Police Questioned Over Taser Use on Driver, Passenger (Video)

| by Michael Allen

Police officers, who stopped a car in Meriden, Conn. on May 9, are now being accused of possibly misusing their tasers on the driver and passenger.

According to, Police Officer Raynick Vasquez was looking for a car driven by someone involved in a domestic abuse when he saw a Ford Explorer driving slowly through a hospital parking lot.

After the car was pulled over, the driver, Jamie Hess, began recording the incident on his cell phone (video below).

Hess repeatedly asks why he is being stopped, to which the officers respond, "We're trying to identify you."

One of the officers accuses Hess and his passenger Jevon Parrish of "interfering in our investigation."

When Hess reaches for his car's paperwork, Officer Witkin yells, "What are you reaching for! Take your hand out slowly! I don't kow what you're reaching for! You understand me? Now, you're getting out of the car when I tell you to do so and you're getting on the ground. Any violation of what I tell you to do, and you're getting tased!"

Parrish is told to step out of the car, but appears to passively refuse. Officer Witkin eventually opens the passenger side door and tases Parrish.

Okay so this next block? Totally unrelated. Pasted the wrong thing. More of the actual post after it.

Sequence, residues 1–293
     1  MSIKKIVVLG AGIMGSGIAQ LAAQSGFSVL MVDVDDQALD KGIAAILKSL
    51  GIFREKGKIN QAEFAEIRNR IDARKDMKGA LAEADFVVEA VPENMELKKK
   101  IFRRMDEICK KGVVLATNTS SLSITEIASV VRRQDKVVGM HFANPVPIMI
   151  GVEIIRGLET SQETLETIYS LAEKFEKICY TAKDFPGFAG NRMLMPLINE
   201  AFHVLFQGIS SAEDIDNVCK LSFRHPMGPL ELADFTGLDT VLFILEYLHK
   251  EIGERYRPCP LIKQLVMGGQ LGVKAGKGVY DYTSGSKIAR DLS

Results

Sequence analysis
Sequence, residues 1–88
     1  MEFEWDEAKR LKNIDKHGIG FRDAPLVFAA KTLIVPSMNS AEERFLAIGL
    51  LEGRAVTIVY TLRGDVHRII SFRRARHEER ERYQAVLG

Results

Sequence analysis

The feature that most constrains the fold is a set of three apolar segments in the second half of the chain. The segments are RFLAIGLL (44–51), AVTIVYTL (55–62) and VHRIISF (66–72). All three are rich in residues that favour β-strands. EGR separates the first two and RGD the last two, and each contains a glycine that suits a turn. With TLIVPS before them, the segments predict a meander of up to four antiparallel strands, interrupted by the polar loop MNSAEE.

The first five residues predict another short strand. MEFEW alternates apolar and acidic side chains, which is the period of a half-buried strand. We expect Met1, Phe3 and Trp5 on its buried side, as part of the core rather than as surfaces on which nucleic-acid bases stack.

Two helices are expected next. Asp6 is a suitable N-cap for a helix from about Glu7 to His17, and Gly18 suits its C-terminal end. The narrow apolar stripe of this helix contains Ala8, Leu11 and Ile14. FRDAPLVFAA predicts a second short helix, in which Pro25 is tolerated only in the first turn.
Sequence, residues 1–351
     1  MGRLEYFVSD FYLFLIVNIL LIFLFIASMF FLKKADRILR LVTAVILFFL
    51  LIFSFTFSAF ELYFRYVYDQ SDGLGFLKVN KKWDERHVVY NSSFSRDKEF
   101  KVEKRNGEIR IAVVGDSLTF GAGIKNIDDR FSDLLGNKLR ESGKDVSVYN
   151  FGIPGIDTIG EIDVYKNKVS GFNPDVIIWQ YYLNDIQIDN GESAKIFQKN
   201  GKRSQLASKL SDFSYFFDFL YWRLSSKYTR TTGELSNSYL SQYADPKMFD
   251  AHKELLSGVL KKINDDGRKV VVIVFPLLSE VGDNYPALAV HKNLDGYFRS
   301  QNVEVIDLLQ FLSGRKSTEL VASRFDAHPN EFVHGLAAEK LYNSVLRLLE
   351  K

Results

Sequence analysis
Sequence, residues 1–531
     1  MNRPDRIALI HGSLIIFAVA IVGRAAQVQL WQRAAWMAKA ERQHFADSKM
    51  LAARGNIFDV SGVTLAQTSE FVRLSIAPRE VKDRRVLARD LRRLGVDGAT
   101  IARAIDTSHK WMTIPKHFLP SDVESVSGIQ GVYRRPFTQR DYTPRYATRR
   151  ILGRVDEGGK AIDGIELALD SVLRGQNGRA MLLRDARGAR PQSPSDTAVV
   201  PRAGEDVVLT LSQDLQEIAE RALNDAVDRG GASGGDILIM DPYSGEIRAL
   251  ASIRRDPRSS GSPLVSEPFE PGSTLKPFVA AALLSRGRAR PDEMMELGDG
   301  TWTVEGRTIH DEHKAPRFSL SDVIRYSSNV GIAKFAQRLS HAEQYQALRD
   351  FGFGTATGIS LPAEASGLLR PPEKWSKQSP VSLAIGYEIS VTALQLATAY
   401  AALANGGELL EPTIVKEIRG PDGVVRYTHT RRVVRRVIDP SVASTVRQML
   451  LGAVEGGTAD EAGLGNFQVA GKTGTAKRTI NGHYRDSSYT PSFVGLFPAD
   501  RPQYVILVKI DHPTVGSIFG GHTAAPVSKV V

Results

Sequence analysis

However, Meriden police are not to use tasers on someone who is passively resisting.

Meriden Police Department spokesman Lt. Salvatore Nesci claimed that when Parrish leaned away from Officer Witkin that was actively resisting and the taser use was justified.

After the video ends, Hess reportedly resisted arrest and was tased in the back.

“For his size and build, Jamie possessed great strength and stamina which prevented officers from securing him quickly,” Officer Witkin wrote in his police report.

Another incident not recorded on video is when Police Officer Erik Simonson told Hess to stop resisting and hit Hess’ face and back. According to his police report, Officer Simonson also used two knee blows to Hess’ left shoulder and head.

The Meriden Police Department recently issued this statement:

If Mr. Hess or Mr. Parrish feel that they have been treated unfairly they have the option of filing a citizens complaint. It is the policy of the Meriden Police Department to accept and investigate any such complaints.

Hess’s wife Nadine Hess said her husband wants to wait until his criminal charges from the incident are cleared before pursuing a lawsuit or complaint.

WTNH reports that Parrish plead guilty to a misdemeanor, while Hess was charged with interfering with an officer, possession of narcotics and improper use of traffic signals. Hess has pleaded not guilty.

Sources: WTNH and